GET A SOUND SOUND SYSTEM If it is hard to hear, people won't listen. As a humorous public speaker you must have an excellent sound system because most of the time you will be talking while your audience is laughing. Stand-up comics are different because they tell a joke, then people laugh (they hope). They tell another joke, then people laugh. A humorous public speaker will be rolling right along making points, showing product features, telling stories, and dropping one- liners and must be heard all the while.
A humorous presentation demands a better sound system than a serious talk. In a serious talk, words can be missed and the main message can still be very clear. In humor it doesn't work that way. If key words are missed in a joke or story it will ruin the humor. No one will laugh and you will look like a giant goober.
The need for a thorough sound check is another good reason to be in the room early. You need to check the microphone to make sure it works. You need to check to see how far your mouth should be from the microphone. You need to know how loudly you should talk. Realize that during your check the audio level should be too loud. People will absorb the sound once they get into the room.
Make sure the sound system is carrying to all parts of the room. If someone is speaking prior to you, try to go to the back of the room to see how he/she is coming across. If you have someone at the presentation with you, have them signal from the back of the room if changes are needed in the volume of the public address system after you have started.
Uncomfortable people will not listen to you. The unwritten rule is that meeting rooms are always too hot or too cold so you'll have to do your best. When setting air conditioning levels, the room should be cooler than you think it should be. The body heat of the audience will bring the room to the comfort level. Make sure it does, and be ready to make adjustments as you go. If you can't get the right temperature, make sure you acknowledge the audience's discomfort and encourage them to make the best of it. Your care for them will automatically make things a little better.
Delivering a Quality Presentation
Wireless display technology is quickly becoming prevalent, even standard infrastructure for meeting rooms and classrooms across the globe. Making displays wirelessly accessible empowers the participants in a room to share information more freely and naturally, improving meeting results and productivity.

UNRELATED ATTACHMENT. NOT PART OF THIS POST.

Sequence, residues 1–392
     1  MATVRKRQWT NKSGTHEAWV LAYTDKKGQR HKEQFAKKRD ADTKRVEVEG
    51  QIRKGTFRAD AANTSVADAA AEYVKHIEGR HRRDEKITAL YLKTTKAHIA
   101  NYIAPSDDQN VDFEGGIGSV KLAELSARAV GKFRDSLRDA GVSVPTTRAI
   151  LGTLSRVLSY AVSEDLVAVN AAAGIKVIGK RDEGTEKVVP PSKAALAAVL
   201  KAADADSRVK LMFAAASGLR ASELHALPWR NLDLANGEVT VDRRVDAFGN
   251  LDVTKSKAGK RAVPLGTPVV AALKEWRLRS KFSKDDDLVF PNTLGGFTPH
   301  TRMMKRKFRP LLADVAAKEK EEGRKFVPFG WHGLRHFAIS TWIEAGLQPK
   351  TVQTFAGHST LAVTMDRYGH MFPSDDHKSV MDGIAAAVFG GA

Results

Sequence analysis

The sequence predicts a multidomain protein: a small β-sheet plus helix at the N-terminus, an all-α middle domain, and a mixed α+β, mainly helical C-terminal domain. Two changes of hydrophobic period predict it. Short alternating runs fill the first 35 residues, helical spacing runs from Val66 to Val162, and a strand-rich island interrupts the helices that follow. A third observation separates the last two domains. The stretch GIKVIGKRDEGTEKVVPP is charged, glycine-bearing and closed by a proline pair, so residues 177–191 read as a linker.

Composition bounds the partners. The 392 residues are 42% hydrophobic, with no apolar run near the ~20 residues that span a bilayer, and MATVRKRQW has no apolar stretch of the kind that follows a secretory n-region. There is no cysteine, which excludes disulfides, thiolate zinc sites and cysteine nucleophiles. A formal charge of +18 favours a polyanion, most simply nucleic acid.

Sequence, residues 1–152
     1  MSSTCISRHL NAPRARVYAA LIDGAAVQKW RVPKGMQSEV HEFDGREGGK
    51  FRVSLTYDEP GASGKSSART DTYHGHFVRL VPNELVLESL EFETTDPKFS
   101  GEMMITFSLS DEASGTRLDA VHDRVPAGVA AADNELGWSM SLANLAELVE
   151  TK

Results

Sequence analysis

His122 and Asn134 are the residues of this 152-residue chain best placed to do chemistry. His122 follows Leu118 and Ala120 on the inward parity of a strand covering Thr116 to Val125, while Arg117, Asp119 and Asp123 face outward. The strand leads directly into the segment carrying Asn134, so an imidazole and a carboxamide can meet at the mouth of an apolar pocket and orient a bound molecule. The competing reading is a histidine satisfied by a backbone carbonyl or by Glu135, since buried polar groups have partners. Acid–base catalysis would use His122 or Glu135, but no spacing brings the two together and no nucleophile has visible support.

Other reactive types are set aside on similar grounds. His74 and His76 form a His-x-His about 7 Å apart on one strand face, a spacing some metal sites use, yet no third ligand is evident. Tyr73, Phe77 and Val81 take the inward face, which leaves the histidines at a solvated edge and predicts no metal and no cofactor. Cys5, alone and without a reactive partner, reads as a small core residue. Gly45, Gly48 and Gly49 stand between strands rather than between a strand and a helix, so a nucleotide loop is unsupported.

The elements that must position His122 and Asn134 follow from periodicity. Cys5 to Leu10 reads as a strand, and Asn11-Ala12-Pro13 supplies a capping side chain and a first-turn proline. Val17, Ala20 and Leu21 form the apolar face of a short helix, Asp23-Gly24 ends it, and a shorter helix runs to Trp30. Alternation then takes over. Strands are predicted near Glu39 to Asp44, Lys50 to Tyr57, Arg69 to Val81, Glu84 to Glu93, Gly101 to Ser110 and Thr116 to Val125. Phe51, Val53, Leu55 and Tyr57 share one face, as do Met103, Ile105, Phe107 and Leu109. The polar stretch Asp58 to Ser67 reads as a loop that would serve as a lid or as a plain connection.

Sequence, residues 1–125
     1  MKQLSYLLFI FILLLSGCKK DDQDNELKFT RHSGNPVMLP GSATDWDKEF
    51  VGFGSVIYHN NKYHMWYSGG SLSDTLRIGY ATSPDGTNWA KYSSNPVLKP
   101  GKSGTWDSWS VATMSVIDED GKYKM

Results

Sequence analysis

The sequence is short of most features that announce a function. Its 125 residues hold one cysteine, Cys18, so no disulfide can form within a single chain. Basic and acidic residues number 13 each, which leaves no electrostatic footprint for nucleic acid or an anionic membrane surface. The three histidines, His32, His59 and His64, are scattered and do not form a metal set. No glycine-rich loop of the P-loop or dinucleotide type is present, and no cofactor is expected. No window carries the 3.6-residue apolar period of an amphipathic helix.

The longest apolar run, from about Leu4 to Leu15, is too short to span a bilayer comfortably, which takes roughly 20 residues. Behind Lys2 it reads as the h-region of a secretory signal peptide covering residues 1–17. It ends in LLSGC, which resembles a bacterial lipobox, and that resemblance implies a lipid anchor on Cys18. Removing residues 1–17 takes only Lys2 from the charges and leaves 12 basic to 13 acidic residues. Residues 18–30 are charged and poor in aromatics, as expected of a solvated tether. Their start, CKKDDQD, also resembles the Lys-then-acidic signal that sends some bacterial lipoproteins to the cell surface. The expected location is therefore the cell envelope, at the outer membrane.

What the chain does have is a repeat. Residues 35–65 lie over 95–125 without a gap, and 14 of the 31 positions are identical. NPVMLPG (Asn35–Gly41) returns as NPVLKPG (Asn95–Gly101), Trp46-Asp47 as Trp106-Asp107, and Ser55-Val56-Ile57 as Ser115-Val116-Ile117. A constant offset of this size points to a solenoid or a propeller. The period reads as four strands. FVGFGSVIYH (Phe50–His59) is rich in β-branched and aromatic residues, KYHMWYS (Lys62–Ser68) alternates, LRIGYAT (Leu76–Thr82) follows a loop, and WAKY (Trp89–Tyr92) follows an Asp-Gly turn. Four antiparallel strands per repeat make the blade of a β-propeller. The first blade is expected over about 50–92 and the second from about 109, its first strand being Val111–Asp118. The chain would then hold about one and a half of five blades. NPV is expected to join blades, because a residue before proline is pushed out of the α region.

In the future when we look back, we suspect the evolution of wireless display technology from our current displays will seem obvious - the same way color televisions were a natural progression from the black and white sets. But, as the adage goes, hindsight is 20-20. Right now, as we live through the adoption phase, there's a gap between previous standards - i.e. the old way of doing things - and the new technology that will shape the future. As a provider of a wireless display solution, we want to offer an overview for those that may be new to the technology - what wireless displays are, what differentiates wireless display solutions, and how they are shaping the future of meetings and collaboration at the crossroads of our digital and interpersonal lives.
So what is a wireless display?
A wireless display is any type of display - i.e. flat panel LED, LCD, projector, video wall, etc. - that can be accessed wirelessly from a separate device - such as a laptop, tablet or smartphone. The vast majority of solutions available in the market operate over standard IP networks like WiFi. In other words, users join the WiFi network that the wireless display is attached to in order to connect. In general, today's enterprise solutions are separate consoles or dongles that plug into existing displays to make the displays wirelessly accessible.
At the most basic level, wireless displays enable users to share content from a device to the display without being tethered to the display by way of a video cable. If you've ever walked into a conference room to give a presentation, you probably had to plug an HDMI or VGA cable into your laptop in order to show your presentation up on the main screen. Wireless displays cut the cable in conference rooms, enabling users to present on the main screen wirelessly. But as we discuss in the next section, wireless displays also do much more.
What differentiates wireless display solutions?